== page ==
Black History

photo of Zora Neale Hurston by Carl Van Vechten/Library of Congress
A Black History Month Profile: Zora Neale Hurston...In a 2002 interview, Carla Kaplan, editor of Zora Neale Hurston: A Life in Letters, talks about the novelist, anthropologist, playwright, folklorist, essayist and poet

Black History

Eubie Blake
A Black History Month Profile – Pianist and composer Eubie Blake...In this 2021 Jerry Jazz Musician interview, Eubie Blake biographers Ken Bloom and Richard Carlin discuss the legendary composer of American popular song and jazz during the 20th century

Feature

Jamie Branch's 2023 album "Fly or Die Fly or Die Fly or Die ((world war))"
On the Turntable— The “Best Of the ‘Best Of’” in 2023 jazz recordings...A year-end compilation of jazz albums oft mentioned by a wide range of critics as being the best of 2023 - including the late trumpeter Jamie Branch's Fly or Die Fly or Die Fly or Die ((world war))

Essay

"Lester Leaps In" by Tad Richards
"Jazz and American Poetry," an essay by Tad Richards...In an essay that first appeared in the Greenwood Encyclopedia of American Poetry in 2005, Tad Richards - a prolific visual artist, poet, novelist, and nonfiction writer who has been active for over four decades – writes about the history of the connection of jazz and American poetry.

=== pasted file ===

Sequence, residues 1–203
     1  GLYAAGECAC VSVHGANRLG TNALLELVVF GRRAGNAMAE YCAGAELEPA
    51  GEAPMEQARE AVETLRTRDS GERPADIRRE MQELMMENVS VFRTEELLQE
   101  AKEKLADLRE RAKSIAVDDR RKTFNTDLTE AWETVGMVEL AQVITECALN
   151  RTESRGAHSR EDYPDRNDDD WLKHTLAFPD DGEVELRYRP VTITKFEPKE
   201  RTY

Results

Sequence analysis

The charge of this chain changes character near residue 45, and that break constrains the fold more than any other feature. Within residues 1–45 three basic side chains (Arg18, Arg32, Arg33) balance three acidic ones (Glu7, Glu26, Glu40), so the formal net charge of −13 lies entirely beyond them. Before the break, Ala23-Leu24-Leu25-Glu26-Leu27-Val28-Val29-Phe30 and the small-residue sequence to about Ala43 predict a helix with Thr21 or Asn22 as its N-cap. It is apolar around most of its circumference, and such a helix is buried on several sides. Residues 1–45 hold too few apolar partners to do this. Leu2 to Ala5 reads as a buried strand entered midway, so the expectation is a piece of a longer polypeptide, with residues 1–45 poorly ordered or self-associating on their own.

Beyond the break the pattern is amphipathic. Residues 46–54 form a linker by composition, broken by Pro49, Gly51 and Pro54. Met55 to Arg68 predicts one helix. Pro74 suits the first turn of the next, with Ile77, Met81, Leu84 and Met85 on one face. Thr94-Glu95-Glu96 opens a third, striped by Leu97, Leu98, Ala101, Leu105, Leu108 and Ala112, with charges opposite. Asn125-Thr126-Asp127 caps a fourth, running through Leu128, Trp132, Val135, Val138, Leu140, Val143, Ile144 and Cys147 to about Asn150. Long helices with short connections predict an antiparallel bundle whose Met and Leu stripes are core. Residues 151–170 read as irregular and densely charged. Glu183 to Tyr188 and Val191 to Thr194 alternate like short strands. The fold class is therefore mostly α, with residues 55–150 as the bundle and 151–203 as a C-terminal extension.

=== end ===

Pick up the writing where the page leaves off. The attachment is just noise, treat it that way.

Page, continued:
Interview

photo of Pepper Adams/courtesy of Pepper Adams Estate
Interview with Gary Carner, author of Pepper Adams: Saxophone Trailblazer...The author speaks with Bob Hecht about his book and his decades-long dedication to the genius of Pepper Adams, the stellar baritone saxophonist whose hard-swinging bebop style inspired many of the top-tier modern baritone players.

Interview

IISG, CC BY-SA 2.0 , via Wikimedia Commons
Interview with Judith Tick, author of Becoming Ella Fitzgerald: The Jazz Singer Who Transformed American Song...The author discusses her book, a rich, emotionally stirring, exceptional work that explores every element of Ella’s legacy in great depth, reminding readers that she was not only a great singing artist, but also a musical visionary and social activist.

Poetry

Trading Fours with Douglas Cole is an occasional series of the writer’s poetic interpretations of jazz recordings and film. This edition is influenced by Stillpoint, the 2021 album by Zen practitioner Barrett Martin

Playlist

“Latin Tinges in Modern Jazz” – a playlist by Bob Hecht...A nine-hour long Spotify playlist featuring songs by the likes of Horace Silver, Lee Morgan, Miles Davis, Wayne Shorter, Ahmad Jamal, and Dizzy Gillespie that demonstrates how the Latin music influence on jazz has been present since the music’s beginnings.

Poetry

[Columbia Legacy]
“On Becoming A Jazz Fanatic In The Early 1970’s” – 20 linked short poems by Daniel Brown